Monday, October 6, 2008

We Totally Can't Wait for the Dynamo to Christen Halliburton Stadium


Real Salt Lake opens up a new soccer-specific stadium later this week (Thursday, October 9). And if the artist conception above is accurate, it looks to be pretty sweet. It's all shiny and has lights and shit. They also struck a naming rights deal reported by the Sports Business Journal to be in the neighborhood of $20M over 10 years.

SCP Worldwide, the RSL ownership group, made the deal with Rio Tinto (it will be called Rio Tinto Stadium). The London-based $100-billion mining company owns Kennecott Utah Copper. Kennecott is one of the largest employers in Utah, and the Bingham Canyon mine it operates is one of the world's largest copper mines. So people are happy in Salt Lake City. Fun synergies and local ties abound. Yeah for everything. Nothing to see here. Move along.

Okay, you caught us. We're really kidding.

Apparently nobody at SCP knows how to use the Google. Because you can type in any combination of "Rio Tinto" "human rights" "Kennecott" and "lawsuits" and get a solid day's worth of reading from your search engine of choice. Look, here, here, here, and here for some starter links.

According to CorpWatch (see the second link above)"Rio Tinto could be a poster child for corporate malfeasance." Or to be a little more specific:

Accusations of corporate misdeeds include suppressing trade unions at their Australian operations, exposing workers in a uranium mine in Namibia to radiation, and negligence and complicity in the civil war in Papua New Guinea where Conzinc Riotinto used to operate a major copper mine.


Oh right, many of the alleged victims making accusations are brown people in a foreign country, so no worries. Well, one of the claims against the company was that it violated a 2-day-old collective bargaining agreement with mass layoffs in—you got it—Utah.

We don't want to get too preachy—we probably wouldn't even bring this up if it didn't give us a chance to link to maybe the single best line The Onion ever came up with (previous link)—and frankly we're already dreading the response we're going to get from some PR flak pointing out which accusations were settled with provisions allowing Rio Tinto to claim no wrongdoing, and which accusations are completely baseless, pending ongoing lawsuits.

But, conveniently, not so much as a mention of any of this appears in the naming rights deal article on MLS' official Website. Really? Nobody finds a relationship with an organization Amnesty International called out for its "human rights violations" and "environmental damage" even mildly unsettling?

Or is a $20 million naming rights deal that important to the development of soccer in this country?

7 comments:

Kopper said...

To answer your question, well yes, a $20 million naming deal is that important to soccer in this country....

Andrew said...

I enjoy not having to worry about brown people. I'd prefer they worry about me.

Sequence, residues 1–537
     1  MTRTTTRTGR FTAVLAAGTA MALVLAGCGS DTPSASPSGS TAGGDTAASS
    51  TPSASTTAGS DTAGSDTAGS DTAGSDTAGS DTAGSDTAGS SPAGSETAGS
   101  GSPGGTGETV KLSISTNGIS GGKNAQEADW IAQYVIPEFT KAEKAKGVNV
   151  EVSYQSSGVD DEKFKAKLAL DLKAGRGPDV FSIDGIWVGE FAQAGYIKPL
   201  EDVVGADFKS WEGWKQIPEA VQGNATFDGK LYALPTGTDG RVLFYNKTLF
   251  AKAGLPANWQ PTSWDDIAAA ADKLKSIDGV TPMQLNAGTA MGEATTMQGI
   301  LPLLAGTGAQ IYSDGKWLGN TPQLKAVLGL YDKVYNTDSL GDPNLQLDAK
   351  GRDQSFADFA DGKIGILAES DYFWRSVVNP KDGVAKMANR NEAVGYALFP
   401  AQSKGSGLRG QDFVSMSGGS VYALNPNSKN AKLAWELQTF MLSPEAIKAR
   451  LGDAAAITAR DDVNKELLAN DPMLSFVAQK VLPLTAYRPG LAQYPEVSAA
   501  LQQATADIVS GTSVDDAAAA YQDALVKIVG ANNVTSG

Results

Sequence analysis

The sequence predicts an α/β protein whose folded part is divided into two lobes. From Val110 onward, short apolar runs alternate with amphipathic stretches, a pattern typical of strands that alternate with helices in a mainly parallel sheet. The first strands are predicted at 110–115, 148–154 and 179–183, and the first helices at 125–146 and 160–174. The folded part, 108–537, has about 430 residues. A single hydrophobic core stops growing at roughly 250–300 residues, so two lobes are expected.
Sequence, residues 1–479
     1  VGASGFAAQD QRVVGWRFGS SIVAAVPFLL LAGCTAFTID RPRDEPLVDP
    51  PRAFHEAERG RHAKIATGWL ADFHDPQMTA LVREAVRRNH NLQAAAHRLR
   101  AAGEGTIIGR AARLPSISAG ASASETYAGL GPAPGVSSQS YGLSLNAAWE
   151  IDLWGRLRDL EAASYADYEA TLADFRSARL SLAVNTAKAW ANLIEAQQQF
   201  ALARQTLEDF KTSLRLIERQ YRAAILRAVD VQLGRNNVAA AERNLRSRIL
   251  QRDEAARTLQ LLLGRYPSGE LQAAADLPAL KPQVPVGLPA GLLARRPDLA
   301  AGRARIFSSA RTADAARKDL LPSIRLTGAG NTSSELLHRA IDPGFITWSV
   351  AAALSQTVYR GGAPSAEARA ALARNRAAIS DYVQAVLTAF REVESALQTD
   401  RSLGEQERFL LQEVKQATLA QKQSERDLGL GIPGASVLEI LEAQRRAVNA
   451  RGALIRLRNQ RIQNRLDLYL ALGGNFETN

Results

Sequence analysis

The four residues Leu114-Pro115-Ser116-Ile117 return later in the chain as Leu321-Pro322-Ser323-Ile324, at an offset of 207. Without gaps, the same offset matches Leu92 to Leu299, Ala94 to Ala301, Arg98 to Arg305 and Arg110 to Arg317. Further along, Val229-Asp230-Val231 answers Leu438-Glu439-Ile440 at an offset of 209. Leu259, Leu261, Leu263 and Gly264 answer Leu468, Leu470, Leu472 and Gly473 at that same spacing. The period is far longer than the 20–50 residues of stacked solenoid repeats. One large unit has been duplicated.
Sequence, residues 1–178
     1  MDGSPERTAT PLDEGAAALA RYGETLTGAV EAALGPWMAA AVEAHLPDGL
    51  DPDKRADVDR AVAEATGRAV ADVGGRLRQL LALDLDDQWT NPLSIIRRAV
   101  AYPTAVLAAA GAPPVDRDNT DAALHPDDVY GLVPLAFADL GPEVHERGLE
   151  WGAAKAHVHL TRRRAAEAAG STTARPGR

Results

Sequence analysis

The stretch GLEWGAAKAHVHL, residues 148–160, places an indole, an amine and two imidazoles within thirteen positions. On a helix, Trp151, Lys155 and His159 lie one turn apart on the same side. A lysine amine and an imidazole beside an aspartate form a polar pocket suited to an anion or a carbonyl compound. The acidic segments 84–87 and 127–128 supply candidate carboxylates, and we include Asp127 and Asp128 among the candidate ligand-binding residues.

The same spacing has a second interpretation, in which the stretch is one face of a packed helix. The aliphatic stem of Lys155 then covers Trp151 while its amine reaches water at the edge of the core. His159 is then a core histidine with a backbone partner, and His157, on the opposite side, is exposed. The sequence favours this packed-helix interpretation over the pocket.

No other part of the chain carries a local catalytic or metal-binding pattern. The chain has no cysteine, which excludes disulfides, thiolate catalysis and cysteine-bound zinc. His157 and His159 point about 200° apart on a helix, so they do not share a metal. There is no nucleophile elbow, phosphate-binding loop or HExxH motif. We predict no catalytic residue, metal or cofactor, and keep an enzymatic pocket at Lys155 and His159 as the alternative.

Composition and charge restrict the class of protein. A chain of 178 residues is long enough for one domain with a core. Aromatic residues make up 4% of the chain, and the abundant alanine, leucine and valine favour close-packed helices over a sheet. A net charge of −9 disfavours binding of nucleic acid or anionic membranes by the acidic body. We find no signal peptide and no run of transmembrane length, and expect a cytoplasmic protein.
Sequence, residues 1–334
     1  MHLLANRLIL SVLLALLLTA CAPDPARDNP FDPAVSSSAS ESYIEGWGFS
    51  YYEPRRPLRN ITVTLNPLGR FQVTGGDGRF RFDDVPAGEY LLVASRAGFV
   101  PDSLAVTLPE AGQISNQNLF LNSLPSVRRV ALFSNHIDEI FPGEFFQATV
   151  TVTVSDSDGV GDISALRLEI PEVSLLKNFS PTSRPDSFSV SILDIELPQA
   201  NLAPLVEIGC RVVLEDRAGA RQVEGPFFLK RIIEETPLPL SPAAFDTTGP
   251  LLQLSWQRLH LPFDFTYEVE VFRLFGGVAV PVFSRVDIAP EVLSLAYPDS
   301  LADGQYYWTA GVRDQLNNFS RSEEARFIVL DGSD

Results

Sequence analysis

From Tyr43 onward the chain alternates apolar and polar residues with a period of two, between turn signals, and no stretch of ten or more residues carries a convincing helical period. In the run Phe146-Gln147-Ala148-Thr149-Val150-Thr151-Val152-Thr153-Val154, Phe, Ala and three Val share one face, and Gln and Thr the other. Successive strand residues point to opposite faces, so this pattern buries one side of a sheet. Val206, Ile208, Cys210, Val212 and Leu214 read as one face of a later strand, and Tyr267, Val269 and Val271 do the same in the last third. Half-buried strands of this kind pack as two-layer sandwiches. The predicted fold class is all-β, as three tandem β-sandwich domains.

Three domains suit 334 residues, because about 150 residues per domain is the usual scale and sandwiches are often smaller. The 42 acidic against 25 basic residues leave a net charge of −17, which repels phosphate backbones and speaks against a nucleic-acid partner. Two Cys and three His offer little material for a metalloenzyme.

More important than my feelings on human rights, though, is the realization that a promotion/relegation system involving the USL or a MLS D2 will never emerge due to the coin being spent on these SSS. Not that there was ever a movement for the MLS to install a promotion/relegation meritocracy in the first place. We're Americans (some of us), remember; we like our meritocracy in moderation, and our sports league socialist.

Apologies for the digressive rant. The stadium looks swell.

Precious Roy said...

Watch much CNBC Andrew? Pretty soon brown people might be cutting songs to raise money to feed you.

Relegation ain't coming to the US any time soon. However, it does seem like we're about 1000 years ahead of schedule for a President Camacho.

Ian said...

Hey, if the epl allows such beacons of corporate integrity as nothern rock and aig, why can't the mls get a mining company?

Andrew said...

@ PR: I would welcome a Camacho in the White House. Obama-Camacho '12, I say! But if two years ago you told me Barack Obama would lead in a Presidential campaign in October, I would've called you a liar.

Quick question: does anyone know of a credible article discussing why relegation wouldn't work in MLS?

Precious Roy said...

Andrew: Why it wouldn't work from a conceptual standpoint? Or from a practical standpoint?

Nothing preventing the former, but for the latter, ownership won't put up a major league franchise fee (what's the next round going to be? $20M plus a stadium deal?) then stand for being told "Oh, but you might end up being a minor league team."

Andrew said...

@ PR: Conceptually, I can see it working. Like you, practically, it could never be for the reason you stated, and also for the infrastructure presently being put in place by MLS.

However, I do see some sort of a foundation for a MLS "Cola-ship" involving the teams in the USL.

I just want to know if Garber et al. actually considered a relegation-type format in the beginning or ever? Or did they base the league on the format we see in the NFL, etc.